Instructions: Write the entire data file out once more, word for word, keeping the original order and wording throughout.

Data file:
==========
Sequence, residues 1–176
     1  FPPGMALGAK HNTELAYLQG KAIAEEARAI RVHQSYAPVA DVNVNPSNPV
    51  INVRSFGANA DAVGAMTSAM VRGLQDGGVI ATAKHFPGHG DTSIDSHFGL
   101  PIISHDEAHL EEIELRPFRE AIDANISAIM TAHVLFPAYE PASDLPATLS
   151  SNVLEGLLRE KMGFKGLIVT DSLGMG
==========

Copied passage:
Sequence, residues 1–176
     1  FPPGMALGAK HNTELAYLQG KAIAEEARAI RVHQSYAPVA DVNVNPSNPV
    51  INVRSFGANA DAVGAMTSAM VRGLQDGGVI ATAKHFPGHG DTSIDSHFGL
   101  PIISHDEAHL EEIELRPFRE AIDANISAIM TAHVLFPAYE PASDLPATLS
   151  SNVLEGLLRE KMGFKGLIVT DSLGMG